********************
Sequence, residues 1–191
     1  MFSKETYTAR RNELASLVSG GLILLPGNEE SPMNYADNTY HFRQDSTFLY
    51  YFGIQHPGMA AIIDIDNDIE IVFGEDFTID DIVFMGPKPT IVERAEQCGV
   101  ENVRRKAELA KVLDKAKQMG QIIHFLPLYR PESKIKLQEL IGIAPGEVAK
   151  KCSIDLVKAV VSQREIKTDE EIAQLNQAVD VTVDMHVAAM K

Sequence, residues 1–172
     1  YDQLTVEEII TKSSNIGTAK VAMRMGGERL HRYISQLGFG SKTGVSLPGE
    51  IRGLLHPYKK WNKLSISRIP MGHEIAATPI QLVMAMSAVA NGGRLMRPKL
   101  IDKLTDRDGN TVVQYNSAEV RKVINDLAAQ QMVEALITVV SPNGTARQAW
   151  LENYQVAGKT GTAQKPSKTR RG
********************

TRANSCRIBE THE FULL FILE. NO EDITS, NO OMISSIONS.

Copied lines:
Sequence, residues 1–191
     1  MFSKETYTAR RNELASLVSG GLILLPGNEE SPMNYADNTY HFRQDSTFLY
    51  YFGIQHPGMA AIIDIDNDIE IVFGEDFTID DIVFMGPKPT IVERAEQCGV
   101  ENVRRKAELA KVLDKAKQMG QIIHFLPLYR PESKIKLQEL IGIAPGEVAK
   151  KCSIDLVKAV VSQREIKTDE EIAQLNQAVD VTVDMHVAAM K

Sequence, residues 1–172
     1  YDQLTVEEII TKSSNIGTAK VAMRMGGERL HRYISQLGFG SKTGVSLPGE
    51  IRGLLHPYKK WNKLSISRIP MGHEIAATPI QLVMAMSAVA NGGRLMRPKL
   101  IDKLTDRDGN TVVQYNSAEV RKVINDLAAQ QMVEALITVV SPNGTARQAW
   151  LENYQVAGKT GTAQKPSKTR RG